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A common misconception of the American criminal justice system is the belief that "an accused may only be convicted by a jury of his peers after a trial in which his defense lawyer and the prosecutor sharply contest his guilt." In a majority of cases, however, this scenario never occurs. Instead, the prosecution and defense usually make a deal; that is, the defendant agrees to plead guilty and the prosecutor agrees to make concessions in return. One study has estimated that guilty pleas account for ninety percent of all convictions and that most of these pleas are the result of plea bargaining. In short, plea bargaining has become an important part of our criminal justice system.

Despite its advantages, plea bargaining is not without its critics. One critic has written that when plea negotiations occur "the rule of law is invariably sacrificed to the rule of convenience.” Furthermore, plea bargaining may create a danger that defendants will be deterred from exercising their constitutional rights and, in some cases, may even induce innocent defendants to plead guilty. Other critics maintain that plea bargaining compromises the prosecutor's duty to enforce the law. Nevertheless, courts could not handle the workload if all criminal defendants insisted on a trial. In light of this fact, "plea bargaining is a bureaucratic necessity which has become indispensible to the administration of the present criminal justice system."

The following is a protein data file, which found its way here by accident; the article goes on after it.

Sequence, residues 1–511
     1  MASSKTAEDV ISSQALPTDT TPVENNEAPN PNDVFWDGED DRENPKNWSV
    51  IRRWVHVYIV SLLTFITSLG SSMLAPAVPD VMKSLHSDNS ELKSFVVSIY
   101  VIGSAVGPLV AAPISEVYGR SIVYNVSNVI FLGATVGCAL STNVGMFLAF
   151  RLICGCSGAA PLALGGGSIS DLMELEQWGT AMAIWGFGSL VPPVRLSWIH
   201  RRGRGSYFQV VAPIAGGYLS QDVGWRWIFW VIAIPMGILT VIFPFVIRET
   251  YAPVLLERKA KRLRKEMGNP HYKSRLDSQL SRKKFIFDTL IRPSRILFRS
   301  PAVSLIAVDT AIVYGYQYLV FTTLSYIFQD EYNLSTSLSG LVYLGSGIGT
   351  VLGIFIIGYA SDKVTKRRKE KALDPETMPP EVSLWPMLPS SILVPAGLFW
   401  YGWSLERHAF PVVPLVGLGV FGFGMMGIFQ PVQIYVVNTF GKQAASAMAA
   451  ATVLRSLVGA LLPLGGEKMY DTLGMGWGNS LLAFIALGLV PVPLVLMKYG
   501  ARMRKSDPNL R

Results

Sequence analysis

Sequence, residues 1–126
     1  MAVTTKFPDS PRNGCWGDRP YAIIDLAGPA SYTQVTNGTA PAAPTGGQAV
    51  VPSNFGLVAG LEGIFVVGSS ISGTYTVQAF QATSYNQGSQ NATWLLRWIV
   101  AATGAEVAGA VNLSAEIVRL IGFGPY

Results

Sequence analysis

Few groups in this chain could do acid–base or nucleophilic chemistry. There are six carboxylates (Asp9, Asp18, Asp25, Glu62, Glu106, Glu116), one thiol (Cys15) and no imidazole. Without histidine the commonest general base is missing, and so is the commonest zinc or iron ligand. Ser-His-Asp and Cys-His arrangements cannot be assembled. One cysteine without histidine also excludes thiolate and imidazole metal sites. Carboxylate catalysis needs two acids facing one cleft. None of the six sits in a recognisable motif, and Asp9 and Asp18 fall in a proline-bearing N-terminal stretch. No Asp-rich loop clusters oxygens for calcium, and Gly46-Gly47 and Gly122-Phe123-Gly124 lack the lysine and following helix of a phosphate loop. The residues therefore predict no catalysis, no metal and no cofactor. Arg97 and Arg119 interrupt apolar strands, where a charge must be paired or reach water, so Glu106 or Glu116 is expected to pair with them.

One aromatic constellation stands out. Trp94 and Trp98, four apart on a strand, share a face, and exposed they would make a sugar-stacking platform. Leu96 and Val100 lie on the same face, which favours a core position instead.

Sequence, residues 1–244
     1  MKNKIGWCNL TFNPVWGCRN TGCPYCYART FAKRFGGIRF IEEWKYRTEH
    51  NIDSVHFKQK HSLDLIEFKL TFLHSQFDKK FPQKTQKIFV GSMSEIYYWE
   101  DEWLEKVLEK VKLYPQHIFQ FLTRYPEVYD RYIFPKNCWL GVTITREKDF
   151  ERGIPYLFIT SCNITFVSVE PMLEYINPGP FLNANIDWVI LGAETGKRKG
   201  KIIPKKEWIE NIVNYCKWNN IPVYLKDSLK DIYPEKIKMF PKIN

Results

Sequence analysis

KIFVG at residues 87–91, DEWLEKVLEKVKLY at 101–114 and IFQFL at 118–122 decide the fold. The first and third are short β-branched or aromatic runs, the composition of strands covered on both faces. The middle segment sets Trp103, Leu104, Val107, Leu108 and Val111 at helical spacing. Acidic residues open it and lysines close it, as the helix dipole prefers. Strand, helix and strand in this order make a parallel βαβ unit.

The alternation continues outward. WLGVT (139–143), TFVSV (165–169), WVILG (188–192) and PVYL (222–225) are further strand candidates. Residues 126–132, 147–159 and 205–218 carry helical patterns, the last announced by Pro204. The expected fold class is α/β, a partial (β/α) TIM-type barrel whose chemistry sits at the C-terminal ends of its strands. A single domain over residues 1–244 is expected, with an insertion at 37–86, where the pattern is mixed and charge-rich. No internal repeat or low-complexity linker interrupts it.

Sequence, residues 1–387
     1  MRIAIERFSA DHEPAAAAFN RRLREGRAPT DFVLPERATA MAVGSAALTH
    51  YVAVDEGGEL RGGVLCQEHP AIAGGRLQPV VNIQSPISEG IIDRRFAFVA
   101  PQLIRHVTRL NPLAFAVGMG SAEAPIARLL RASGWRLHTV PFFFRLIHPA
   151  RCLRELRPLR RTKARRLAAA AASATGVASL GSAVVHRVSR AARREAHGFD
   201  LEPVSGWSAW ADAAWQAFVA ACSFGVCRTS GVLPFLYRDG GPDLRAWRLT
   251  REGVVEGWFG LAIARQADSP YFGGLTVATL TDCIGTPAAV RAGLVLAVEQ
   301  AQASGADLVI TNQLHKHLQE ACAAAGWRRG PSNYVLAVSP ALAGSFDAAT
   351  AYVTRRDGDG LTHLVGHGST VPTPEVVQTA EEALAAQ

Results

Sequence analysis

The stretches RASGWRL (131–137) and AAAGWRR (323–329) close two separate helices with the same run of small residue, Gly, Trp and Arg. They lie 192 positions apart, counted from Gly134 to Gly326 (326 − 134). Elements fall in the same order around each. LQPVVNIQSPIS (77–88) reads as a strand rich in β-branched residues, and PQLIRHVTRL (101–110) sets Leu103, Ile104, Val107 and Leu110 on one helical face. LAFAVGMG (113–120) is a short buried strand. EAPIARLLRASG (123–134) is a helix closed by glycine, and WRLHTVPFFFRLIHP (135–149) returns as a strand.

The practice of plea bargaining was expressly sanctioned by the United States Supreme Court in Santobello v. New York. Many issues, however, remain unresolved. This comment will examine the remedies available to a defendant who, having entered a negotiated plea, subsequently alleges that the prosecutor breached his part of the bargain. In this context, the relevant questions that will be examined are: 1) Was there in fact a promise? 2) Was the promise broken? 3) Under what theory may relief be given? and 4) What type of relief is appropriate?

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